Stop using that one study to pretend racism doesn’t exist in police shootings
Samuel Sinyangwe

No, YOU need to stop misleading people that there’s some epidemic of anti-black police violence going on. There is not just one study showing that this alleged epidemic is nonsense.

Here are some relevant facts:

  • According to the Washington Post (, in 2015, 990 people were killed by police. Of those, 494 (49.9%) were white and 258 (26%) were black. This sounds like blacks being overrepresented among those killed by police when you factor in the fact that blacks are about 13% of the population, while whites are about 63%. But, of course, that’s misleading because, to get an accurate picture, you also have to factor in that blacks are far more likely than whites to be involved in criminal behavior (this is because blacks are disproportionately poor in America, not because they’re inherently violent or any other nonsense like that). Specifically, whites are responsible for 69% of crimes (+6% as compared to their percentage of the population), while blacks were responsible for about 28% of crimes (+15% as compared to their percentage of the population), and so blacks are far more likely than whites to be involved in interactions with police in the first place. Moreover, when we turn to violent crimes — the kind that would be most likely to lead to deadly interactions with police (because, no, most people killed by police aren’t killed during routine traffic stops) — the data is even more stark: “blacks commit around half of homicides in the United States. DOJ statistics show that between 1980 and 2008, blacks committed 52% of homicides, compared to 45% of homicides committed by whites. More up to date FBI statistics tell a similar story. In 2013, black criminals carried out 38% of murders, compared to 31.1% for whites, again despite the fact that there are five times more white people in the U.S. From 2011 to 2013, 38.5 per cent of people arrested for murder, manslaughter, rape, robbery, and aggravated assault were black.” When you factor in these relevant numbers, you see that blacks are actually less likely than whites to be killed by police. The data is there, it’s coming from many different sources, and it’s pretty clear.
  • A recent controlled experiment confirms what the statistics already suggest: white police officers, 96% of whom showed implicit bias against blacks, were, nevertheless, “slightly more than three times less likely to shoot unarmed black suspects than unarmed white suspects.” This is because white police “officers were ‘more hesitant and more careful in their decisions to shoot black suspects.’ In effect, the officers ‘displayed a counter bias, or “reverse racism” effect.’”
  • You write: “First, it’s clear in looking at the data that Houston police department uses deadly force against black people at significantly higher rates than their white counterparts. For example, since 2013, 57% of people killed by Houston police have been black despite black people comprising only 25% of Houston’s population.” This kind of statistic is precisely the kind of misleading number that’s being used to trick people into believing that there’s an epidemic of police violence against black people. Obviously, it doesn’t matter what percentage of Houston’s population is black. What matters is what percentage of Houston’s black population is involved in criminal behavior. When you factor that in, what you get is the results that were reported by the Fryer paper and described not just in conservative rags but in The New York Times ( and many other publications: whites are 20% more likely than blacks to be killed by police.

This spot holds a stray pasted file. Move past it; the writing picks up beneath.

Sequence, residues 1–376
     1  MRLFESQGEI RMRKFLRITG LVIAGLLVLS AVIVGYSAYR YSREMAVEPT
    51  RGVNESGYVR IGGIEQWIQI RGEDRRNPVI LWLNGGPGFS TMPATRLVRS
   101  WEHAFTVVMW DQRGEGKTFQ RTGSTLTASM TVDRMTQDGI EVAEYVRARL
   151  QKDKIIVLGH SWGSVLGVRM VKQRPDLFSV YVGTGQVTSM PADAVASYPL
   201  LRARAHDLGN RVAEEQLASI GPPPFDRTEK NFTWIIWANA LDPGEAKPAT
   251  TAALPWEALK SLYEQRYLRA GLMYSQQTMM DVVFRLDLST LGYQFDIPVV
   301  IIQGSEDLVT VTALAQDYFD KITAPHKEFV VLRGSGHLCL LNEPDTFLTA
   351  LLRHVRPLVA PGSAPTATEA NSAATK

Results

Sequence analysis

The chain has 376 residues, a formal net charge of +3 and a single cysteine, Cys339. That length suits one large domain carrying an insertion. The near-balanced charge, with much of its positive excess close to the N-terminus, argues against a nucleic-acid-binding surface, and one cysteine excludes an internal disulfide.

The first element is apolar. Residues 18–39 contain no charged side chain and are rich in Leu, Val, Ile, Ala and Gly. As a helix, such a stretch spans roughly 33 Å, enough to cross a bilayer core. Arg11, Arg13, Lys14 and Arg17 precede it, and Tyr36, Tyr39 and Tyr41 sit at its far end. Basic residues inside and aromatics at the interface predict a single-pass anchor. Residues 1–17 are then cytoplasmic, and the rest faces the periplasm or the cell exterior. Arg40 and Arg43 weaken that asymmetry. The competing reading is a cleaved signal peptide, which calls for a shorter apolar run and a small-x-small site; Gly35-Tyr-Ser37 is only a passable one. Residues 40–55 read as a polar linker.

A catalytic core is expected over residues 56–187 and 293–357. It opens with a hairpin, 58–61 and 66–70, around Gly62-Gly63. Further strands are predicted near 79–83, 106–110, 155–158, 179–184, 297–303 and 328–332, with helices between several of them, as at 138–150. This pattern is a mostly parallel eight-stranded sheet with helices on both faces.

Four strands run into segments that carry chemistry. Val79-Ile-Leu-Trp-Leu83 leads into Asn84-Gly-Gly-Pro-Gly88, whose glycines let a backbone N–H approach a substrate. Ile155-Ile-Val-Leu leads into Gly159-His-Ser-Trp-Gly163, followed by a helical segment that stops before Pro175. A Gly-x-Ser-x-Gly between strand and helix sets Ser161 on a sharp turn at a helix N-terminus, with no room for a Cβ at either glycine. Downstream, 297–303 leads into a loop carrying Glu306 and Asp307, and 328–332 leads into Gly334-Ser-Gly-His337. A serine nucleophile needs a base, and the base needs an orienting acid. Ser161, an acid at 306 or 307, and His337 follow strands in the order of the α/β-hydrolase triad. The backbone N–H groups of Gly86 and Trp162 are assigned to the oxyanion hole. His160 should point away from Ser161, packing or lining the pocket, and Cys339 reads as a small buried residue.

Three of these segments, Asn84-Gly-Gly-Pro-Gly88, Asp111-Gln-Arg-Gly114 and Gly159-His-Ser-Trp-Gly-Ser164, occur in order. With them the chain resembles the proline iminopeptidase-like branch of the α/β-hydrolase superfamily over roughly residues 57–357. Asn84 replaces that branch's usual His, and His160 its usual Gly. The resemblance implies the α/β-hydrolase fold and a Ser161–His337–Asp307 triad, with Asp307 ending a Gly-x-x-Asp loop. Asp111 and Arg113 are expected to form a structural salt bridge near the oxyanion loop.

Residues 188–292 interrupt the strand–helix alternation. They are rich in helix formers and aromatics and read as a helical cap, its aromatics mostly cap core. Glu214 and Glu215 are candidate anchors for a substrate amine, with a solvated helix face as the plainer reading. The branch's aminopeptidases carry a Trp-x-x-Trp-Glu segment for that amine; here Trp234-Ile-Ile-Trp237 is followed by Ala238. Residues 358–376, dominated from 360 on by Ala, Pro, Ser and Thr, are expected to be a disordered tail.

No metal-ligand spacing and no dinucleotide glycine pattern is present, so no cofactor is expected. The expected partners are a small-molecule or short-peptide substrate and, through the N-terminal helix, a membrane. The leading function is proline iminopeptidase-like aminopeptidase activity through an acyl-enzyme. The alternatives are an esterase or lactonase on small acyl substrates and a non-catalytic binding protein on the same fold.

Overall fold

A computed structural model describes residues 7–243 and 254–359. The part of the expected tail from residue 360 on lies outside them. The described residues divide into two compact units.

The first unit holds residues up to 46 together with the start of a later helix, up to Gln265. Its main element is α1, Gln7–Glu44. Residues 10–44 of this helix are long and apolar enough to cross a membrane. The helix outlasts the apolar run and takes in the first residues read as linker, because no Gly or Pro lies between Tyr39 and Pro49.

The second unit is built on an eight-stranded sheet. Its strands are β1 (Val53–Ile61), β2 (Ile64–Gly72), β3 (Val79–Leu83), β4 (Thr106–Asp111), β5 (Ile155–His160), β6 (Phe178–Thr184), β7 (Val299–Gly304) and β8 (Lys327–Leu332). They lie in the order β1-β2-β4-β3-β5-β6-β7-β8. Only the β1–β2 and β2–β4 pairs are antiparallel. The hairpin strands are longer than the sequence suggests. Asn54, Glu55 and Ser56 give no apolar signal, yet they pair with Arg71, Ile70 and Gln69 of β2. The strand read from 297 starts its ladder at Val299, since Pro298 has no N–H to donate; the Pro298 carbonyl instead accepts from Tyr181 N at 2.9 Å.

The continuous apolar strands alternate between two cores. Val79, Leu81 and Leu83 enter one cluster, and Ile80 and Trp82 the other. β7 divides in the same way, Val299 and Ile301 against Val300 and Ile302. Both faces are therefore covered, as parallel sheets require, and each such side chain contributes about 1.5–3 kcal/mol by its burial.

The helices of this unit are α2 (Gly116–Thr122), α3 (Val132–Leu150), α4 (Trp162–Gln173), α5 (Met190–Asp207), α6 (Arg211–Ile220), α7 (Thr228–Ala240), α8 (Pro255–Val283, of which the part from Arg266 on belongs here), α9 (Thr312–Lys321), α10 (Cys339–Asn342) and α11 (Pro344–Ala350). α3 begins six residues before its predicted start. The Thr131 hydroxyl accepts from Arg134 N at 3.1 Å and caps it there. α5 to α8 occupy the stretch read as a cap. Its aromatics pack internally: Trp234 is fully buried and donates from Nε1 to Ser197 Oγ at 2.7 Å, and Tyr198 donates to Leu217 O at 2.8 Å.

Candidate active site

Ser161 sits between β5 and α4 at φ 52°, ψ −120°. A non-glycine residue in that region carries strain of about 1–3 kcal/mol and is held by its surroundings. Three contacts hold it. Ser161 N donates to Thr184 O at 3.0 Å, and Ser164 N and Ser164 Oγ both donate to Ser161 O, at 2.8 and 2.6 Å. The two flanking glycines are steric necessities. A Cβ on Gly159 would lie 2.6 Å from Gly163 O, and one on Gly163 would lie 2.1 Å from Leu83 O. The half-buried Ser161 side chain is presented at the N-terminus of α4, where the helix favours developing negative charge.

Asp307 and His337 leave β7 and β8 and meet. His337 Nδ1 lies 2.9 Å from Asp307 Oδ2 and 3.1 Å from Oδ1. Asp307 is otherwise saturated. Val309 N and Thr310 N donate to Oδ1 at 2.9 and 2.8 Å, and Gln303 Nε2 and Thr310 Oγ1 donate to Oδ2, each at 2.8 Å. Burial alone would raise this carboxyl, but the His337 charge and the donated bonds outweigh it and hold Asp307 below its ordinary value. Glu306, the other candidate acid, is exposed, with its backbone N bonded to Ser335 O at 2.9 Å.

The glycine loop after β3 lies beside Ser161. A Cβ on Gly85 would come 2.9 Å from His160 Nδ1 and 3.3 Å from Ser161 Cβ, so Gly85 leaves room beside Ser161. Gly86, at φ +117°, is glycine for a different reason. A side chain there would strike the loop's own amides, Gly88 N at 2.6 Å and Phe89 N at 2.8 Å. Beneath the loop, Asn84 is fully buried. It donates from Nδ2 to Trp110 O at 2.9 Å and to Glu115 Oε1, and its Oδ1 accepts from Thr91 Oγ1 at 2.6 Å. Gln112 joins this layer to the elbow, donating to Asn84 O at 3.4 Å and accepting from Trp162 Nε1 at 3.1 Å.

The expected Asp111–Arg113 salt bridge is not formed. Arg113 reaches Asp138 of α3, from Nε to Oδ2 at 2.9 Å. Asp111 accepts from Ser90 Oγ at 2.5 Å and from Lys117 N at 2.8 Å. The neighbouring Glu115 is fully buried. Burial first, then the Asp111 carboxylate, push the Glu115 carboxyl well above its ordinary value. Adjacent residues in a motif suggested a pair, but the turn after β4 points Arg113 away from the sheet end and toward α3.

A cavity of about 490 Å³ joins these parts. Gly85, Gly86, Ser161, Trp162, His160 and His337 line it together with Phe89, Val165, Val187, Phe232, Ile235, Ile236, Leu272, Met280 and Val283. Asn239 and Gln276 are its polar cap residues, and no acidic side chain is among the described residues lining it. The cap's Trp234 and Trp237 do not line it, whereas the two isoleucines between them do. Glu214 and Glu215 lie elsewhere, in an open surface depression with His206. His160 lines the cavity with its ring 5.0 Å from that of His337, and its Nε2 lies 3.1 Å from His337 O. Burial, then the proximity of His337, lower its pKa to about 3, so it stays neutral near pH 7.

• If you really want to consider the data, why don’t you step back and think about it dispassionately instead of trying to reach a foregone conclusion? Ask yourself why you and so many others in the media are so committed to believing that cops and/or most Americans are racist? Is this just a way of ignoring the real problem with black people in America, which is that they’re disproportionately poor and, thus, suffer disproportionately from all the vices (including high crime rates) that are part and parcel of being poor throughout the world? Instead of talking about the non-issue of racist cops, let’s address the real issue of black poverty and figure out what black Americans and all Americans can do about it.

So, no, there is no epidemic of anti-black police violence. What there is is an epidemic of falsely claiming that there’s an epidemic of anti-black police violence. That second epidemic — the real epidemic — is directly responsible for the disruptive and racist #Blacklivesmatter movement, for polarizing people by race more than ever in America, for the divisive tone of our presidential campaign and for the cold-blooded murders of police officers in Dallas. Stop spreading lies. Your numbers may be misleading and fake, but the harm that you’re doing by disseminating them is very, very real.

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Alexander Zubatov is a practicing attorney specializing in general commercial litigation. He is also a practicing writer specializing in general non-commercial poetry, fiction, drama, essays and polemics. In the words of one of his intellectual heroes, José Ortega y Gasset, biography is “a system in which the contradictions of a human life are unified.”

Some of his articles have appeared in Acculturated, PopMatters, The Hedgehog Review, The Montreal Review, The Fortnightly Review, Mercatornet, New English Review, Culture Wars and nthposition.

He makes occasional, unscheduled appearances on Twitter (

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